Cacao swollen shoot virus
A. A. Brunt
Glasshouse Crops Research Institute, Littlehampton, Sussex, England
- Theobroma virus 1 (Rev. appl Mycol. 27: 178)
- Marmor theobromae (Rev. appl. Mycol. 27: 178)
- Theobromavirus inflans (Rev. appl. Mycol. 38: 677)
A virus of great economic importance in West Africa, with numerous symptomatologically
distinct variants and a restricted host range; transmitted by 14 mealybug species, which
retain it for a few hours. Can be mechanically transmitted to cacao beans and has
bacilliform particles c. 121-130 x 28 nm.
In Theobroma cacao,
most strains induce conspicuous symptoms and reduce
yield, but are non-lethal unless subsequent attack by capsids debilitates trees further
and allows heavy infection with the die-back fungus Calonectria rigidiuscula
A few avirulent strains occur in limited widely scattered outbreaks,
usually induce stem swellings only, and have little effect, if any, on growth or yield.
Some virulent strains are widespread and lethal; in West African Amelonado cacao the
severe New Juaben strain induces conspicuous swellings in stems and tap roots
necrosis of lateral roots
defoliation, and the production of
small rounded mottled pods
containing fewer and smaller beans than normal
pods, a transient red vein-banding on young leaves and interveinal chlorotic speckling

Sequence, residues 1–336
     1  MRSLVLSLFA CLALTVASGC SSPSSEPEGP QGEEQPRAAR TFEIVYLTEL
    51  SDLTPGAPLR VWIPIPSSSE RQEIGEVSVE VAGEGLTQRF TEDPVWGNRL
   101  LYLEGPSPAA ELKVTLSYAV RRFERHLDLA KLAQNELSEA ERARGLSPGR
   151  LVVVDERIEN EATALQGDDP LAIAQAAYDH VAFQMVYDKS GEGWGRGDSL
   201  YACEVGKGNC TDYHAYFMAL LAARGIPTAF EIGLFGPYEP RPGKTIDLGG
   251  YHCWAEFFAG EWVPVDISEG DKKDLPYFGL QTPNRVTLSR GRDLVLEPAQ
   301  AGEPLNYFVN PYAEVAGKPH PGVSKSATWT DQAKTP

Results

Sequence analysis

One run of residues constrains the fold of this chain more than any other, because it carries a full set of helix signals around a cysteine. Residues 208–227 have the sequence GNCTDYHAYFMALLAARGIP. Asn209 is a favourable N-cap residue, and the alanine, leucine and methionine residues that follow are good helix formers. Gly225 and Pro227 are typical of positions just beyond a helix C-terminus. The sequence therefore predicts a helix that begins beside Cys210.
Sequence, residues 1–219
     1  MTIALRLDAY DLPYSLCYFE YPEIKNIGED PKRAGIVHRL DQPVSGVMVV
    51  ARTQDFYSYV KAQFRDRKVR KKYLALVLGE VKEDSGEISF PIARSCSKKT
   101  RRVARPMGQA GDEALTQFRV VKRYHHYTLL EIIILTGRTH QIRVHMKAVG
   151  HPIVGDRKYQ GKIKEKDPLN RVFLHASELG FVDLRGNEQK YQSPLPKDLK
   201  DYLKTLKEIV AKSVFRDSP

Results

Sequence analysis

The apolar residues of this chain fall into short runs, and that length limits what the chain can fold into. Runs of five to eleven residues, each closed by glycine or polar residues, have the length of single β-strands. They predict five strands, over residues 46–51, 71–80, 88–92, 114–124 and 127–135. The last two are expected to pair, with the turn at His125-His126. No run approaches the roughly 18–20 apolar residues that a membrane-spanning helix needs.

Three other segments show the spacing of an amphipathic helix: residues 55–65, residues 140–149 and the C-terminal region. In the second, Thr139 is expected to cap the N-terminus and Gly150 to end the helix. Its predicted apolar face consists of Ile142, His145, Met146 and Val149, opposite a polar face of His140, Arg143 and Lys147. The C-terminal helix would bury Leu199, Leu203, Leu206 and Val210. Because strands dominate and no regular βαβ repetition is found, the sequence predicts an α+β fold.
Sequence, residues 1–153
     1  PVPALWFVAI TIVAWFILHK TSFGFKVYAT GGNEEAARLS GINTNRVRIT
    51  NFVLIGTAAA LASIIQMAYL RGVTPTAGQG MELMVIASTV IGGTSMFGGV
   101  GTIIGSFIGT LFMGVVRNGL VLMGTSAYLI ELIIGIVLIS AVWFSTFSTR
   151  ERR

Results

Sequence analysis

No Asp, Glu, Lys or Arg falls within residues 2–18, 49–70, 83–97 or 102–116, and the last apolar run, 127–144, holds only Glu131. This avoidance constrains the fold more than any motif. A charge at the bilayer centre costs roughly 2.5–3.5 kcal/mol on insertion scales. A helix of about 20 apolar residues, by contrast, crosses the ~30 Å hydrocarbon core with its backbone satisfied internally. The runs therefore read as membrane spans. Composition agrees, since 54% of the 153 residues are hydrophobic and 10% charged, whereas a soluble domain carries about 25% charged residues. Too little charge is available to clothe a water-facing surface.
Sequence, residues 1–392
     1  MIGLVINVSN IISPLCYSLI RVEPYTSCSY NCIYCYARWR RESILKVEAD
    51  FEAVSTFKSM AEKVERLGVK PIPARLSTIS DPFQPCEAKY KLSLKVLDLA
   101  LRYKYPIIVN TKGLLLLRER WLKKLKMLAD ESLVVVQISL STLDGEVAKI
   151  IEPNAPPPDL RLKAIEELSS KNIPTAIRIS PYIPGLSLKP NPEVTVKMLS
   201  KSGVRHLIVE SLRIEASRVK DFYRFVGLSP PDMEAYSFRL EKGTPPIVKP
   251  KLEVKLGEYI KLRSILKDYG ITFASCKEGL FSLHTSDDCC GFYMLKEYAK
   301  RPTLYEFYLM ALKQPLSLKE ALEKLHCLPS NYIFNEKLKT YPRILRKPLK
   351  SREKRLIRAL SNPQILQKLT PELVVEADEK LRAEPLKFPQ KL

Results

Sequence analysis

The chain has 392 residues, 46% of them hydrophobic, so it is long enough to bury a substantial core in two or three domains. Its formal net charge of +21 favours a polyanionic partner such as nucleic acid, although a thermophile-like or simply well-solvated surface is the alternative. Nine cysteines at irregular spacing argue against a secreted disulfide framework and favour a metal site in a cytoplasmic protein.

and fern leaf patterns
on mature leaves
decreases yield by 25% within one year, 50%, within two years and usually kills trees
within 3-4 years
(Crowdy & Posnette, 1947
By contrast, Upper Amazon types of
cacao imported into West Africa in 1944 from Trinidad and Brazil, particularly those
originating from the Nanay
(Posnette & Todd, 1951
show resistance and tolerance to infection, intercrosses often producing highly
Widespread in West Africa (Ghana, Ivory Coast, Nigeria, Togo Republic and Sierra
Leone) and also occurs in Ceylon and possibly Sabah.
Host Range and Symptomatology
Experimental host range is limited to c.
30 species in the Bombacaceae,
Tiliaceae, Sterculiaceae and Malvaceae, some showing differential susceptibility to
(Posnette, Robertson & Todd, 1950
Tinsley & Wharton, 1958
Natural host range is restricted to cacao, Cola chlamydantha, Ceiba pentandra, Cola
(Posnette et al., 1950
(Legg & Agbodjan, 1969
- Theobroma cacao (cacao). Amelonado cacao is very susceptible
cacao beans being readily infected by viruliferous mealybugs
(Posnette & Strickland, 1948)
and by mechanical inoculation with concentrated virus preparations
(Brunt & Kenten, 1962);
seedlings usually produce acute red vein banding and chlorotic leaf